Good Luck and Good Smoking
post #10 of 21
I was like a babe in the woods until I found this forum ... now I have a very positive attitude about the outcome, not just hope!
Therms, are now my best friends ... couldn't do without them!

Just my humble opinion! icon_idea.gif
post #11 of 21
You're a man after my own heart. Bless you.
post #12 of 21
About the only thing I can add to the replies you've gotten already is one very good reason to use an internal thermometer is to make sure you've cooked the meat enough to be safe to eat, especially when cooking pork and poultry.
post #13 of 21

Can't have too many

The way I look at it is you can't have too many.I just put the forth one on my brinkman smoker.I have one on the door I just found a good one at Home depot on sale for $5.00 so I drilled a hole in the top of my smoker and then I have two more going thru the top of the smoker I run the wires thru a cork that has a hole drilled in it. One is for the inside meat temp
and the other one is for the dome temp above the meat. Ok maybe a little overkill,but hey I lkie to see the temp a differnt places.
Good Luck and Good Smoking
Redbrinkman 1955icon_biggrin.gif
post #14 of 21
GT2003, I use the therm. for a couple of reasons. As has been said, if I am serving to others I want to make sure what I am serving is safe with no doubts. Also I have found that sometimes the meat will plateau for a long period, and while most times I can get pretty close, the therm. makes sure I'm right.

I use the Oregon Scientific remote. I got it at Lowe's pretty cheap. It works great. You can either program type of meat and doneness desired or you can set temps or times or a combination of temps and times. It will alert you about 5 degrees from your desired temp. I like this feature because it will reach 300 yds. (in the open). If I'm doing a long cook and have an adult beverage or so I often don't hang out right on top of the pit all night. Plus with the time function, if you happen to doze it will wake you in time for adding wood, spritzing etc.
post #15 of 21
I've got the same wireless thermometer. Found it on sale at Lowe's at the end of last season, so I bought two!smile.gif
post #16 of 21
I use the ET-73 by redi-chek, 14 of them actually. The remote receiver makes life much simpler, especially during long cooks. I especially like the fact that each thermometer has 2 probes and 2 readouts...one for the smoker temp and one for the internal meat temp. The thermometers mounted on the door or top of the smoker tend to be omewhat inaccurate due to cost concerns of the manufacturer and also due to the location. Heat rises so the top of the smoker is hotter than it is where the meat is sitting. A check I also do on my thermometers on a fairly regular basis is to check the accuracy by using boiling water. Just bring the water to a boil and insert the probe. The thermometer should read 212, the boiling point of water. Even the best probes can be off, so it is a good idea to check them.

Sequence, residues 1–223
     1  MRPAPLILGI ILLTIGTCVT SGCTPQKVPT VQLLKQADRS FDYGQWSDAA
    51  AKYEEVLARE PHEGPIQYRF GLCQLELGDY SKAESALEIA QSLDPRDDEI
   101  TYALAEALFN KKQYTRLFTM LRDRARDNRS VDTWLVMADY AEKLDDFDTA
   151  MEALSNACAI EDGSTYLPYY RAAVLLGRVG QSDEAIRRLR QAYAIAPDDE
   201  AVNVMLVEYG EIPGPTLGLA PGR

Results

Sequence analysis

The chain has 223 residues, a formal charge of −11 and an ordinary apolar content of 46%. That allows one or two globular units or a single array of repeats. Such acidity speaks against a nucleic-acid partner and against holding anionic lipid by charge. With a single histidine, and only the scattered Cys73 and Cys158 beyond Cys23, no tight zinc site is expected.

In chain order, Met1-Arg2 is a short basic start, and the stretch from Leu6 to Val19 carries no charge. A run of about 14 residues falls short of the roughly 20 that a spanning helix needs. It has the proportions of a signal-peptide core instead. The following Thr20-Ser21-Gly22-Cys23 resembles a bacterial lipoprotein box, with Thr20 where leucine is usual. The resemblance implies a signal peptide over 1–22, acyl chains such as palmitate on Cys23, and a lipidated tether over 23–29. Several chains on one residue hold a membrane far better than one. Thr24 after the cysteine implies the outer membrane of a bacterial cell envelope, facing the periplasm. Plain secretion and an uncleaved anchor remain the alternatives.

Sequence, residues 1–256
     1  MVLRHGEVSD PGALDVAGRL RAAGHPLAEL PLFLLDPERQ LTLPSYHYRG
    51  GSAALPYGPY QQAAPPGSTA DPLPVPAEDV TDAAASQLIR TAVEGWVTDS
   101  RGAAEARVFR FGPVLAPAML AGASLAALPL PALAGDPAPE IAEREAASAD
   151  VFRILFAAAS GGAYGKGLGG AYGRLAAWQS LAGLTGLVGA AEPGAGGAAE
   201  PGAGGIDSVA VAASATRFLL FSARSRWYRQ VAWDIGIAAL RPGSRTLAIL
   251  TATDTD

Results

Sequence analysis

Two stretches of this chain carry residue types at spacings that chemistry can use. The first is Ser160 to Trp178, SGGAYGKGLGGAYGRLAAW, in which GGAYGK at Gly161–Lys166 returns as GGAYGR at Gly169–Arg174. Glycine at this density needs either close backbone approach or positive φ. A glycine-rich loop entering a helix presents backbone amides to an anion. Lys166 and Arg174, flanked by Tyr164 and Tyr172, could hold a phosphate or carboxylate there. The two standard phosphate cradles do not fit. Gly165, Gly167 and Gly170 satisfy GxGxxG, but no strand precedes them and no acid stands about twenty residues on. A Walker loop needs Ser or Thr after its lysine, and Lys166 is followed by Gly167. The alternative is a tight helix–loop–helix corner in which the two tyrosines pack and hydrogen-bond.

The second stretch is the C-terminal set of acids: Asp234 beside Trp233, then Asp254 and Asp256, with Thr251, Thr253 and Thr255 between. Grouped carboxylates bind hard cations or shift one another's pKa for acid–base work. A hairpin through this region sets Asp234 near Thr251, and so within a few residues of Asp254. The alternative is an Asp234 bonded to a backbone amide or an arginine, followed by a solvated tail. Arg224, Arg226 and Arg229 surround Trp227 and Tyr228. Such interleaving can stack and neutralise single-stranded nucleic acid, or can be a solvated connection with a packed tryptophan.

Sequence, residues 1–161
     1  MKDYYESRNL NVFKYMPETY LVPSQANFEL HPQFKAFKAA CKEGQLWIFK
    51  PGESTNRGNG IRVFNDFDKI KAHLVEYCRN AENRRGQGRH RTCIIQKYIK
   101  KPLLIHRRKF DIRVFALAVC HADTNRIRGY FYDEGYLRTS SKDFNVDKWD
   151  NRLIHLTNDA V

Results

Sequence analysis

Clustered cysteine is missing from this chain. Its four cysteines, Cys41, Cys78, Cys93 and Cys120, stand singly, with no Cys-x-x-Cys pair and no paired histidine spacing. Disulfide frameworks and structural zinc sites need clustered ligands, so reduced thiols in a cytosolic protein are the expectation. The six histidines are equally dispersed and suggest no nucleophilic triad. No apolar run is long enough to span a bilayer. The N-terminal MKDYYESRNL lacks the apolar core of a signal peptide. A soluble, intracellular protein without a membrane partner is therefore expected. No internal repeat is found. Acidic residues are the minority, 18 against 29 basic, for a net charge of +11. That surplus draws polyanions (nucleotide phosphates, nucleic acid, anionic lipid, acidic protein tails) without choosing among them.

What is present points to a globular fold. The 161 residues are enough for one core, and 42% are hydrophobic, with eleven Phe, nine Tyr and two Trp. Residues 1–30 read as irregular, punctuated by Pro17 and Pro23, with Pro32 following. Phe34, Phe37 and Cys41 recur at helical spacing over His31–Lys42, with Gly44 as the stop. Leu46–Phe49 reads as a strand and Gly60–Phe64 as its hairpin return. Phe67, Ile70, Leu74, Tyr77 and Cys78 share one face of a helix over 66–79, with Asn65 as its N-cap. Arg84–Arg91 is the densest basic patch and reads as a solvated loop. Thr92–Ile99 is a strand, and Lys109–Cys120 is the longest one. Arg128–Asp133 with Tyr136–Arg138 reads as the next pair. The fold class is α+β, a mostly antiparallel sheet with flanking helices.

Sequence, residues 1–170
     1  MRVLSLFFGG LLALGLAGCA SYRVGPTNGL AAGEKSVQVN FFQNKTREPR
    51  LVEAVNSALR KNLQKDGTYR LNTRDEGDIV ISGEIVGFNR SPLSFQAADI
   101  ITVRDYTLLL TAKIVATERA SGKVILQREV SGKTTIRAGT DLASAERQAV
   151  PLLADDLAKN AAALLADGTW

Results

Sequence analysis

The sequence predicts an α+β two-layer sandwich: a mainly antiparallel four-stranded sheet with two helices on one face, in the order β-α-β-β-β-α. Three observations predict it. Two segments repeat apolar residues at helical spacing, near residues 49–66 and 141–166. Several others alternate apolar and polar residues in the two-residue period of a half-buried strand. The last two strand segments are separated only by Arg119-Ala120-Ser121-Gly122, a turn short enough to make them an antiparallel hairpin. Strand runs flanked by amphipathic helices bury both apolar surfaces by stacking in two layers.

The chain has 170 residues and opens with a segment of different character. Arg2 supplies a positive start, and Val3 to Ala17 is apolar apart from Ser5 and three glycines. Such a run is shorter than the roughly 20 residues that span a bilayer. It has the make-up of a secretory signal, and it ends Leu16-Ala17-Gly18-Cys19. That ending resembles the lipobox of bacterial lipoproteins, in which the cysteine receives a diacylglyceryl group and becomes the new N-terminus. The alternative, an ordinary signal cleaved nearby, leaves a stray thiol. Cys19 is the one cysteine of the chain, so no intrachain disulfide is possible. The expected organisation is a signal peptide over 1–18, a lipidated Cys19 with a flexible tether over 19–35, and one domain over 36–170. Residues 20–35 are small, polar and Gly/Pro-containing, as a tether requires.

post #17 of 21

thermometer check

One-eye thats a good Idea putting the therm into boiling water I will check all of mine saturday.I hang one of mine right above the meat and have one in the meat, the door therm is at water level and I have one at grate level.
Good luck and Good Smoking
post #18 of 21
Are you saying that water won't boil after it goes beyond 212F? This really isn't a method I would use to calibrate my thermometer, but that's just me.
post #19 of 21
I am saying that it is a quck check for the average home/backyard cook . Unless science has changed since I was in school (and at my age, it just may have icon_smile.gif ) water boils at 212. Now it may be off a degree or 2, but is pretty close. It may not be an exact scientific method, but it is a lot more accurate than using the thermometer right off the shelf without checking, or using no thermometer at all.
post #20 of 21
Water boils at 212 F at sea level. At higher elevations it boils at a lower temperature because the air pressure is lower. Water can't boil at higher than 212 deg because it will already be a vapor. i.e. the steam you see coming out of the kettle. Its a good method to check a thermometer....